Season Highlights: Football

The 2011 VHS Hillbillies finished their fall football season with a 5-5 record led by captains Jack Cummings, Billy Meade and Nick Rollo.

In their first game, played against long-time rival Cedar Grove, VHS lost 33-29 on what Coach Joe Carollo characterized as a “fluky and controversial play.” Although VHS outplayed their opponent the entire game, Cedar Grove capitalized on a blocked field goal and as a result scored a touchdown to win by four points.

According to Coach Carollo, this game was their most difficult of the season, in part because it was the first loss of an 0-3 start to the season. Mr. Carollo reflects that in all his years as a defensive coordinator at VHS, the Hillbillies have never started out 0-3.

However, on October 1, VHS played Glen Ridge and snapped their losing streak with a 14-6 win. This win was what VHS needed. They continued on to win the next three games only to have that streak broken in a game against Weequahic where the final was 15-14. Un fortunately, this was the game that would have sent VHS to the playoffs.

The team went on to win their next game but ended their season with a loss on Thanksgiving against James Caldwell High School.

This year’s football team was a very young team plagued with injuries early on in the season, among them a broken elbow suffered by junior wide receiver Mike Harrington. Along with injuries, another challenge came from the fact that VHS played in one of the toughest conferences in Group 1 this year.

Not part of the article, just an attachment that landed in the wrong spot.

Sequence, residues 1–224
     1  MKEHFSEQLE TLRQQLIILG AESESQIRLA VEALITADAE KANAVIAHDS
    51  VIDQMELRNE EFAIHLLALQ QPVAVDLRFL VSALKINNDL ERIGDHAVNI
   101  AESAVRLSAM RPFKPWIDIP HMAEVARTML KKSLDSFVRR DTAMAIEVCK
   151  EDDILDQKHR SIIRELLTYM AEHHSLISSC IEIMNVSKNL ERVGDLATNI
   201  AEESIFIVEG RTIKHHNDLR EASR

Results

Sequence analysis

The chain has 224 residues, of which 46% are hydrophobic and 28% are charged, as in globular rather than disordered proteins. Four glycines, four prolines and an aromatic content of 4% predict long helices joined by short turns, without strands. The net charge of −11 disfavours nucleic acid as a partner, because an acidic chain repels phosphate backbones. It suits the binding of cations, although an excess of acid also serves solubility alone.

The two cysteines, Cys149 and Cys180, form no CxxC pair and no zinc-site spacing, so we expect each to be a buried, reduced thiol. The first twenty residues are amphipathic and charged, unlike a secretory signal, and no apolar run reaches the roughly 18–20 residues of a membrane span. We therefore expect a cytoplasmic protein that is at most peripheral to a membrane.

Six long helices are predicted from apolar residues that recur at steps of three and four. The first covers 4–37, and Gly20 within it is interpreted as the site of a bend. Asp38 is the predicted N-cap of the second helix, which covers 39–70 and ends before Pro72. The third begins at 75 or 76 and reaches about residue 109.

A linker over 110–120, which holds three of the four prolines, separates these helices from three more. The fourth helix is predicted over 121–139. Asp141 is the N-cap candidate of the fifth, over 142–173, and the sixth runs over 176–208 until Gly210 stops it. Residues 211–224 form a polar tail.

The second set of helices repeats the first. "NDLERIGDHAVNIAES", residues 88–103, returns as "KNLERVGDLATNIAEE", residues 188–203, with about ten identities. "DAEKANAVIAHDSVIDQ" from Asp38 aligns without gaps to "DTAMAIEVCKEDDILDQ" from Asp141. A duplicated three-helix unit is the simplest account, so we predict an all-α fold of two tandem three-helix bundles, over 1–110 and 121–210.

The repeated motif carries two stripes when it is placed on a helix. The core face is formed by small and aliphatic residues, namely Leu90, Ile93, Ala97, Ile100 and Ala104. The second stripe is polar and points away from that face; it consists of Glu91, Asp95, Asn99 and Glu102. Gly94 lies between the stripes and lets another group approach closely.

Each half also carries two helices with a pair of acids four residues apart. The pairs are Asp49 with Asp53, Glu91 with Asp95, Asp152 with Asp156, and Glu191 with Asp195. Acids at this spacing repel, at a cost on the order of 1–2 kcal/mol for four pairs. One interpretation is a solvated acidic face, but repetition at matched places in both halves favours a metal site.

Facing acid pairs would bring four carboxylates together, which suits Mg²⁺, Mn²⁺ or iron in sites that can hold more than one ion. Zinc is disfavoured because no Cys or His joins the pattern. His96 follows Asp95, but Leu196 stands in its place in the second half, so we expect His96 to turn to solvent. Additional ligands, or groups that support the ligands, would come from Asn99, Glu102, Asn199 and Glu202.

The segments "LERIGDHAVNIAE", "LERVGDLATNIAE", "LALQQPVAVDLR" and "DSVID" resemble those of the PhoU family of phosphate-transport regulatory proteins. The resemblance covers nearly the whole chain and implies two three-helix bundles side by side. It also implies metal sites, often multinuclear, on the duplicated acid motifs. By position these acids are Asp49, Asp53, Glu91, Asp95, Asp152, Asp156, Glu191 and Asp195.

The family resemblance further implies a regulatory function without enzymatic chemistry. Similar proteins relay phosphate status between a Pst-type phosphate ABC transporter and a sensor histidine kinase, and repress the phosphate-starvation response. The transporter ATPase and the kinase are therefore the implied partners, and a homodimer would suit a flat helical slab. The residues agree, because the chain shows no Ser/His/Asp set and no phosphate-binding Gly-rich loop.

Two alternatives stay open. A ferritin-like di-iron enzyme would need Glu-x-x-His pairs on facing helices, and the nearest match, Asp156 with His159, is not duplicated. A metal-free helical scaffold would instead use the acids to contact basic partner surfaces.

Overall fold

“I don’t believe in excuses. At the end of the day we didn’t get it done. Our margin of error was razor thin this year, and that is the frustrating part. However, we did show heart all year,” said Mr. Carollo.

He also added that next year the team’s challenge is learning how to win. He believes that the VHS football team was still one of the best teams in the conference this year, and with the return of so many players next year, Mr. Carollo feels that program will find more success.

There are a handful of seniors graduating, and Mr. Carollo admits that it is always a struggle with the loss of seniors who put their four years of work into the program. Nevertheless, he ended with the sentiment that “you make your own luck.”